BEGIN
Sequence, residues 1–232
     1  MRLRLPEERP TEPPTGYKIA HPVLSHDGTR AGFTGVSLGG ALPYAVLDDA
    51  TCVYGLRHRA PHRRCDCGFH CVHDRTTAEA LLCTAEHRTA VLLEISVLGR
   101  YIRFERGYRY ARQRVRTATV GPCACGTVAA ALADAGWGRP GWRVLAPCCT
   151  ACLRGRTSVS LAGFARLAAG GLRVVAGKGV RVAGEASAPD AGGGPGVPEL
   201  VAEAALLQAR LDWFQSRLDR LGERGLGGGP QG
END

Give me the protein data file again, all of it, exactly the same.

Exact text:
Sequence, residues 1–232
     1  MRLRLPEERP TEPPTGYKIA HPVLSHDGTR AGFTGVSLGG ALPYAVLDDA
    51  TCVYGLRHRA PHRRCDCGFH CVHDRTTAEA LLCTAEHRTA VLLEISVLGR
   101  YIRFERGYRY ARQRVRTATV GPCACGTVAA ALADAGWGRP GWRVLAPCCT
   151  ACLRGRTSVS LAGFARLAAG GLRVVAGKGV RVAGEASAPD AGGGPGVPEL
   201  VAEAALLQAR LDWFQSRLDR LGERGLGGGP QG